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Bear market rally II | Financial Times

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Good morning. Some nasty selling in tech yesterday, though just about all of it after hours. If the pattern holds after markets open today, things could get ugly. Email us: and

Bear market rally redux

Markets are feeling better all of a sudden. The S&P 500 is up 10 per cent from its lows of two weeks ago, and 5 per cent above where it closed last Thursday. One big reason appears to be this:

Federal Reserve officials are barrelling toward another interest-rate rise of 0.75 percentage point at their meeting Nov. 1-2 and are likely to debate then whether and how to signal plans to approve a smaller increase in December …

“The time is now to start planning for stepping down,” said San Francisco Fed President Mary Daly during a talk at the University of California, Berkeley on Friday.

That’s from an article the Wall Street Journal ran on Friday, which markets took as unofficial Fedspeak.

If the Fed is close to shifting its monetary stance, that’s a big deal. But to us, recent days feel unpleasantly reminiscent of the bear market rally that began with June hopes and ended in August tears. At the time, the market looked at softening economic data and dreamt that falling inflation, and a Fed pivot, would follow. They didn’t, and as more hot inflation and jobs numbers sank in, equities fell to new lows. Are we set for a repeat?

Bulls, arguing that this time is real, might note that two big things have changed since June: the macro picture and earnings.

The economy has kept slowing. In some areas, it is shrinking. The S&P purchasing managers’ index for October, published Monday, fell deeper into contraction, led by declining services activity. And even though official CPI figures are still high, other signs of falling inflation are piling up. Preliminary October rents data from Apartment List showed the sharpest month-on-month drop in five years, according to Bloomberg. Inflation expectations for 2023 reached 5.5 per cent back in June. Now bond markets expect just 2.7 per cent inflation a year from now.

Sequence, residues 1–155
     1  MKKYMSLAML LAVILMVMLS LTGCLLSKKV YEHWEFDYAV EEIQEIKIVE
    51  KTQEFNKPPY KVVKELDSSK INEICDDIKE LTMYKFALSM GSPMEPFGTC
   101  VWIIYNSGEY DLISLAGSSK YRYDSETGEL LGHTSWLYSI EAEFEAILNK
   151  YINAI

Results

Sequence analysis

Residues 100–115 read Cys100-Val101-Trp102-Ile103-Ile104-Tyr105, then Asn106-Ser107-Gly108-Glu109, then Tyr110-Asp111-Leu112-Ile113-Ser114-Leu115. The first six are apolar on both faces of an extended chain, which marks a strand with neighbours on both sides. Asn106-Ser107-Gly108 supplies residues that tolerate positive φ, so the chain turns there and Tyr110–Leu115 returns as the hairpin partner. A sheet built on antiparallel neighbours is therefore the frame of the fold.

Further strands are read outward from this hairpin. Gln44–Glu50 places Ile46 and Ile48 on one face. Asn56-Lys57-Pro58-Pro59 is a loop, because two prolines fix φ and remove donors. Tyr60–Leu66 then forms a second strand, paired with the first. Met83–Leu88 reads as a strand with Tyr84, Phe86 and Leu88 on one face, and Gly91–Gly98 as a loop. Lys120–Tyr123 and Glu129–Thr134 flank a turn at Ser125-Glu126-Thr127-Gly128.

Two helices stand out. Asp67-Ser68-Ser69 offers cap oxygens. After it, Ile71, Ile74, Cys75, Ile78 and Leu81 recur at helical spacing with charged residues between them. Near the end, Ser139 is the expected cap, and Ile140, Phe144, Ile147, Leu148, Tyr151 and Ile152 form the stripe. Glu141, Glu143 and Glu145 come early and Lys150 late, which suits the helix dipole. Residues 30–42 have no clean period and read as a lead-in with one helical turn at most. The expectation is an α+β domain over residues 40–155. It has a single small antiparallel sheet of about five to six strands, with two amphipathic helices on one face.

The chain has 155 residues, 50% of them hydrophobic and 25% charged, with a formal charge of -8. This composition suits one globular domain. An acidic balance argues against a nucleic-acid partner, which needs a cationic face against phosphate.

Meanwhile, earnings have, for the most part, held up. Last week, the big US banks reported impressive profits and basically no signs of a consumer slowdown. Yesterday’s Microsoft earnings showed resilient revenue growth on the back of growing cloud services demand (though the stock got caught up in after-hours tech selling). Unbothered by FedEx’s dire profit warning, UPS, which also reported yesterday, raised prices to offset falling package volume while offering perky guidance for the fourth quarter. Pepsi, Coke, Sherwin-Williams, Procter & Gamble and various other demand bellwethers have done just fine — despite some stinkers in goods, such as Whirlpool.

If you squint, you can see the case for stocks: rates really are about to peak, and earnings have enough strength left to power a fresh rally.

Unhedged doesn’t buy it. Inflation, as we’ve argued, is going to be a slow grind down, suggesting that interest rate cuts are not coming soon. Rates will need to stay higher for longer, as Fed officials have said. That means unceasing pressure on demand and earnings — even if rates start climbing more slowly (in 25 basis point or 50 basis point increments, say). Put simply: for inflation to fall, demand must fall, and so too must earnings.

Google’s earnings yesterday provided a glimpse of the future. The search advertising company significantly undershot expectations. YouTube ad spending fell and, excluding a brief contraction at the start of the coronavirus pandemic, total revenue grew at the slowest pace since 2013. A 7 per cent drop in after-hours trading (which, we should say, is not always a great indicator) followed, pushing the stock back to where it was on October 14.